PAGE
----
What is delayed cord clamping?
Delayed cord clamping is the practice of letting the umbilical cord pulse, waiting at least 30-60 seconds after birth, before clamping and cutting the cord. Read More
September is National Childhood Cancer Awareness Month and if you’ve been seeing a lot of gold out there on the internet it’s no coincidence, because gold is the color of childhood cancer!
Throughout the month so many people – from celebrities, to sports teams, to organizations – have been inspired by the Go Gold Fund’s initiative to ‘Show Your Gold’ as a way to show support and help create awareness around childhood cancer. And as cord blood stem cells can be used to help treat certain pediatric cancers – we definitely wanted to step up, show our support, and #GOGOLD!
There is often confusion over who can use cord blood stem cells in treatment — the baby they were collected from or a sibling? The short answer is both, but it very much depends on the condition being treated. And it’s ultimately the treating physician’s decision. Recently, a mom who banked her son’s cord blood with ViaCord and used it in a transplant to help treat another son’s leukemia sat down with Rosie Pope and shared her story.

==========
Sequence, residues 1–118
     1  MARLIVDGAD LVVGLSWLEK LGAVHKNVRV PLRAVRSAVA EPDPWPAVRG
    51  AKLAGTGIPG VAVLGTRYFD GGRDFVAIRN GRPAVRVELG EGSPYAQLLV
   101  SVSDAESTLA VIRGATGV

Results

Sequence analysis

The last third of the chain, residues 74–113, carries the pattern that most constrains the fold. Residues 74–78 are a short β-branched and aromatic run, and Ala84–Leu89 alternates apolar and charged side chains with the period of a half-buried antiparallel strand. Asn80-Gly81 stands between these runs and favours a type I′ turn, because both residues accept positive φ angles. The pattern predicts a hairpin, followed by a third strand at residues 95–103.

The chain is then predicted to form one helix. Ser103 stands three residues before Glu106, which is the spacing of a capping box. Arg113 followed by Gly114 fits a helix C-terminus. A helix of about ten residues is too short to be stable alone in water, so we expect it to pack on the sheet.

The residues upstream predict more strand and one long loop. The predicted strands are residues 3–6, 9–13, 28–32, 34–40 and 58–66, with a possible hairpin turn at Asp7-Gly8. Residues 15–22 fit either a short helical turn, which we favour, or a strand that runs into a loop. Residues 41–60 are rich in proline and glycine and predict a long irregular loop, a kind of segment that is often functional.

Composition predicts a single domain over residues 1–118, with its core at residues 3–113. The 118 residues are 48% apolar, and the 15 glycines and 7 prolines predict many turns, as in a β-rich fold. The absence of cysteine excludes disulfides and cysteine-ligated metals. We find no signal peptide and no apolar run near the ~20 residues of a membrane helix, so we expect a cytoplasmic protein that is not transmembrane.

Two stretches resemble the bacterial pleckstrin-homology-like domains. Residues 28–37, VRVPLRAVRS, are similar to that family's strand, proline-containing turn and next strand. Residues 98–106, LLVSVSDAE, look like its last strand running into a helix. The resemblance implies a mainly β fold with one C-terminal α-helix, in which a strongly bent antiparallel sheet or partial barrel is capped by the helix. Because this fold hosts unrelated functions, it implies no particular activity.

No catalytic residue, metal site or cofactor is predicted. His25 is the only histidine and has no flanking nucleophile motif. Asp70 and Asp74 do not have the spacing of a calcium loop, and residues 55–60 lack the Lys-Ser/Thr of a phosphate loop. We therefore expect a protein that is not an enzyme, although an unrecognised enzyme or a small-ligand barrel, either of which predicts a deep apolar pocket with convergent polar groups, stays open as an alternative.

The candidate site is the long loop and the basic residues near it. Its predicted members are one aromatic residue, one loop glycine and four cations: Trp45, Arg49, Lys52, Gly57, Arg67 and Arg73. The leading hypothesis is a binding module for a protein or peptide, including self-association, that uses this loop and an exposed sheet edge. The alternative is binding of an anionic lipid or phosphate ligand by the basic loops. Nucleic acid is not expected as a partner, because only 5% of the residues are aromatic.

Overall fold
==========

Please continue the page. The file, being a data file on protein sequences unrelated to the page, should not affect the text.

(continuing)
Calling all future graduates!
The first day of a new school year is definitely a big deal, no matter what grade your little scholar is starting. But, we want to take a minute and fast forward to an even bigger day (that will probably be here before you know it!) – Graduation. Read More
While the world of cord blood can be a little overwhelming at times, it’s also super exciting! Cord blood stem cells have been used in medicine for a little over twenty-five years, and great scientific minds continue to probe for new possibilities using these amazing cells.
At ViaCord, we’re lucky (and super proud) to have one of those great scientific minds work with us every day. Not only is Morey Kraus one of the original founders of ViaCord, but he is also a stem cell biologist and a chemical engineer by training. Yep, he’s pretty much the best.
As the lazy days of summer transition to the harried days of fall and back to school, many families struggle with how to ease into their new hectic schedules. An important, and often difficult, part of this transition is sleep. Summer is often a time of relaxation, including relaxed schedules and routines. Parents allow children to stay up later at night and sleep in the next day (especially teenagers). Although everyone seems to love these carefree days and nights, the lax sleep schedules tend to wreak havoc on our ability to rise and shine when school starts up again. As a Pediatric Sleep Specialist, I offer the following advice to help make the “back to school” transition as smooth as possible. Read More